(Last Updated on : 02/08/2013)
Regional Theatre of South India manifests the region based colours of the folk traditions of the south. Malayalam Theatre
is of ancient in origin, and is known even though the dramatic literature in Malayalam i.e. the language spoken in southern state of Kerala
is of somewhat recent origin. Its oldest extant genre, Kuthiyottam
, fully established by the ninth century, may well represent the longest-surviving continuous theatrical tradition in the world. It is a system of staging classical Sanskrit plays, but not entirely Sanskrit theatre
in the strict sense because the enactment contains elaborate oral elucidation in Malayalam. Still, it was Kerala's first performing art based on written texts, and evidently served as a basic model of creative expression for all later forms in Malayalam
. Yet it also differs significantly from them in being conventionally presented on raised stages within auditoriums known as Kuttampalam
Contemporary Malayalam theatre
has a rich heritage behind it, and has indeed come a long way from its past. Just like in any other part of India, Malayalam
theatre has also seen a lot of growth in its field. Many theatre enthusiasts and critics felt that the theatre of Kerala did not yield the result as dreamed and expected. Some confusions and perplexity still remain among the people regarding the structure and from of the nature and the medium of production. Some critics are of the opinion that mad experimentation with the themes and plots of the plays have resulted in driving the audiences away.
, with all its ancient heritage and rich culture, forms an integral part of the Indian state
. Some of the Kannada theatre performances date back to the twelfth century. As far as the folk theatre of Karnataka
is concerned, some of the popular folk theatre performances are Yakshagana
, Talamaddale is a generic variant. The range of theatrical diversity in rural parts of the state also encompasses puppetry. There are two branches, which fall under the term Gombeyata
i.e. various forms of ritual possession incorporating worship, such as Bhutaradhane and Karaga. There are also some devotional narratives by and for specific religious sects, as in Kamsale and Viragase.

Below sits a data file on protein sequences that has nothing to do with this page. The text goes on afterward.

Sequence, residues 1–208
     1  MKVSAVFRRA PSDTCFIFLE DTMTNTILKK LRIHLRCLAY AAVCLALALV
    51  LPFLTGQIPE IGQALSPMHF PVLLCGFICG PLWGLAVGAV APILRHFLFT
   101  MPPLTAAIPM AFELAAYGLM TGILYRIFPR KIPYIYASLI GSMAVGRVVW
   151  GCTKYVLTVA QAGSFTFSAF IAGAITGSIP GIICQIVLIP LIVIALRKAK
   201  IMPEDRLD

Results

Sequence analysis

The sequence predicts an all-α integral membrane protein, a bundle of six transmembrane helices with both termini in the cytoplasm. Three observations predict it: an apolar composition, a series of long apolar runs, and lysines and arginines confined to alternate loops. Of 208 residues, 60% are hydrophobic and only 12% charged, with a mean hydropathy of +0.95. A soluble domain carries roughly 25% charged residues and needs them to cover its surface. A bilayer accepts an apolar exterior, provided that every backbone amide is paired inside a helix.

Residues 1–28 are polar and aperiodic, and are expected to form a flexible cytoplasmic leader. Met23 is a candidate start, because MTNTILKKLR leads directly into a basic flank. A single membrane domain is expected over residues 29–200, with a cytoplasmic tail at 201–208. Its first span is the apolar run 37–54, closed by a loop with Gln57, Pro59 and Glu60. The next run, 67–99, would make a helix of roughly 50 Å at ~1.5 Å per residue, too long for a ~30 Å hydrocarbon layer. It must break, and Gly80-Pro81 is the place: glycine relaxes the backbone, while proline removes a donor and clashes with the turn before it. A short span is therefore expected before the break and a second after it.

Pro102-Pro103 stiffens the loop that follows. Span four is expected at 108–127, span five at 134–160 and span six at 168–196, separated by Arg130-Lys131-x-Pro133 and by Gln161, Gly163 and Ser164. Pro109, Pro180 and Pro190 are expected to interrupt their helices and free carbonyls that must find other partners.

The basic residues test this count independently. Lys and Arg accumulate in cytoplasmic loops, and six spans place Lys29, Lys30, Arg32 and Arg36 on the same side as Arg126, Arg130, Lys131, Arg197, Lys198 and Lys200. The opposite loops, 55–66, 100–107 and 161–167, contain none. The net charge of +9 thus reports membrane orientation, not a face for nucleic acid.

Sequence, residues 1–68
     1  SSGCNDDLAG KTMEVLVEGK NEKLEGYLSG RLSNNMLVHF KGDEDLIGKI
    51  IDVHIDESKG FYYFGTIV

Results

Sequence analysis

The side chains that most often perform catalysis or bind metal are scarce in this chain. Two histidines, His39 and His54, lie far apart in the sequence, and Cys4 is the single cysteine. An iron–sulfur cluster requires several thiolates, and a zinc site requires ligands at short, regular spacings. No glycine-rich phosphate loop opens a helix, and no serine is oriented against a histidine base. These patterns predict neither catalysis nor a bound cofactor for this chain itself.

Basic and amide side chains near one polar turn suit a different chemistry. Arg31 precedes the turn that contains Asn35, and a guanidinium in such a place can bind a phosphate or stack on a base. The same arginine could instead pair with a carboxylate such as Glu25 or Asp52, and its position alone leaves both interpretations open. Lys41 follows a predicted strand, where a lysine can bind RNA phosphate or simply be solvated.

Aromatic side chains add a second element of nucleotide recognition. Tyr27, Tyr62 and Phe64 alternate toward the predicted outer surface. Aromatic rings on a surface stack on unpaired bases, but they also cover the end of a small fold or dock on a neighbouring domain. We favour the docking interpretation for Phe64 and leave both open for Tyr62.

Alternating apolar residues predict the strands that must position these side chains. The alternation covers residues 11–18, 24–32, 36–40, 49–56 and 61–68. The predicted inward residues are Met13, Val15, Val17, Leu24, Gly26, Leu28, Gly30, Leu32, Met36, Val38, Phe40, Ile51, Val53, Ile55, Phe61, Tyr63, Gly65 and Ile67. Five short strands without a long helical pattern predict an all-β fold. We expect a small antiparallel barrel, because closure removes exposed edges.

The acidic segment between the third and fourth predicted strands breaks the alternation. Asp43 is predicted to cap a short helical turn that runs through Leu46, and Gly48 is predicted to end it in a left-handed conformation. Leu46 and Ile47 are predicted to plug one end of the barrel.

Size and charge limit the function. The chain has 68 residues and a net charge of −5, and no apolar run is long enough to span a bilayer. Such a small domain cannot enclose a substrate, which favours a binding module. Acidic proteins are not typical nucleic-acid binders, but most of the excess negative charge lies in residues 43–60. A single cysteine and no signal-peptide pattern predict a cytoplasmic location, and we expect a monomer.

is probably the longest linguistic continuity in Indian theatre. With no romanticisation of its ancient origins, one can safely say that remnants and deviations of past traditions find their place in Tamil theatre in different forms. Based on them, one can actually define cultural zones in the southern state of Tamil Nadu
by geographical features, occupational aspects, and linguistic clusters. Indeed, ancient Tamil texts classified their land into five regions. These can be mentioned as mountainous, forested, agricultural, coastal and arid.
The ballad traditions have a storyline to offer, the abstract dances have no oral narratives to accompany them, and the narrative forms combine story with performance. Villuppattu and Udukkadippattu are examples of the first, from southern and western Tamil Nadu respectively. In them, local heroes survive and local deities are sung. They contain features that remain on the fringes, not absorbed by any homogenized religious system. Tappattam, Devarattam, Oyilattam, Karagattam, Poykkal Kudhirai, and Kummi belong to the second kind, some with only rhythm and instrumental music, and some with supporting singers. They belong to specific communities following strict feudal orders. The most important among the third category, the thriving Terukkuttu widely prevalent in the northern districts, combines dance, music, plot, dialogue, acting, and costume. Variations can be found in other parts. It is professional in the sense that troupes organize and re-mobilize each year.
Evidence from sculpture and inscriptions indicates that theatrical activities flourished in the present south-eastern state of Andhra Pradesh as early as the second century BC. The Nagarjunakonda excavations laid bare an amphitheatre dated by researchers to the second or third century AD. However, the first definite word of theatre in the Telugu language appears in Palkuriki Somanatha's poetical texts, Basavapuranamu and Panditaradhya charitramu. He mentions a play, Siriyalu charitra or 'Siriyalu's Story'. This presented with appropriate prelude, correct speech and diction, and proper action during the Sivaratri festival at Srisailam. The only surviving medieval script is Kridabhiramamu or 'Graceful Sport' by Vinukonda Vallabharayudu. This was written in the fourteenth century and belongs to the genre of vithi, one of the ten rupakas.
In later days Sanskrit plays were translated in poetic or kavya, but not in dramatic form. However, folk theatre entertained the rural public. During the reign of the Nayaka and Maratha kings based in Thanjavur, Tamil Nadu, Telugu received a boost as their court language. Thus Yakshaganam, which is also called as Vithi Natakam or Bhagavatam, reached its artistic zenith. Tolu Bommalata shadow puppetry, Kuchipudi
Voggukatha narrative troupes, Pagati-veshalu, Kuravani dance-drama, Harikatha
solo narratives, etc. all these folk forms remained popular for over eight centuries. After the introduction of English education in the nineteenth century, Telugu drama emerged as a distinct literary genre.
It is commonly believed that the first modern Telugu play was Korada Ramachandra Sastry's Manjari-Madhukariyam i.e. 'Tale of Manjari and Madhukara' in 1860. This was a short work with a romantic plot and Sanskritized diction. But no authentic proof exists to validate this claim. The first play may have been Varanasi
Dharma Suri's Narakasura vijaya vyayogamu i.e. 'Narakasura's Victory' in 1871 in the vyayoga genre. This was translated into Telugu by Kokkonda Venkataratnam Pantulu.